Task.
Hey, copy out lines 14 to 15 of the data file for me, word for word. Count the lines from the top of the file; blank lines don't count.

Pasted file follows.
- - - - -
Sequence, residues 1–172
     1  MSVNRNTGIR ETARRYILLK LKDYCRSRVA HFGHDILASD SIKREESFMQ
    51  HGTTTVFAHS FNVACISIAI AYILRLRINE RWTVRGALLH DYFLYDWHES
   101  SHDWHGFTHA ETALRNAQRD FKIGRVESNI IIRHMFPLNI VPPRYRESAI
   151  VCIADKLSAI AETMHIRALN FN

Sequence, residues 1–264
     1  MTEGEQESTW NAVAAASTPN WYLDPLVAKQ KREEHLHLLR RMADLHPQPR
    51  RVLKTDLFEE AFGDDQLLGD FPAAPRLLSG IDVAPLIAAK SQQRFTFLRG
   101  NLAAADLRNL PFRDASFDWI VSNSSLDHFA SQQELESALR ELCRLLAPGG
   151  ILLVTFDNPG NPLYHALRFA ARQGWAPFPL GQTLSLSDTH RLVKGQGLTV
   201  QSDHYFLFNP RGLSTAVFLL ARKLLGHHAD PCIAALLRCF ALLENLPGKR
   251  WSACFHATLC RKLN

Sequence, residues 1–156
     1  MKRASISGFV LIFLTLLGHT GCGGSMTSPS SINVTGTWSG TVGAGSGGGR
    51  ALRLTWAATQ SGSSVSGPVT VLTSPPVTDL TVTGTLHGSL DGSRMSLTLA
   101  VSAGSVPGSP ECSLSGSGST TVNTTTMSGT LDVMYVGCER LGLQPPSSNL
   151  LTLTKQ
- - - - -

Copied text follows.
     1  MKRASISGFV LIFLTLLGHT GCGGSMTSPS SINVTGTWSG TVGAGSGGGR
    51  ALRLTWAATQ SGSSVSGPVT VLTSPPVTDL TVTGTLHGSL DGSRMSLTLA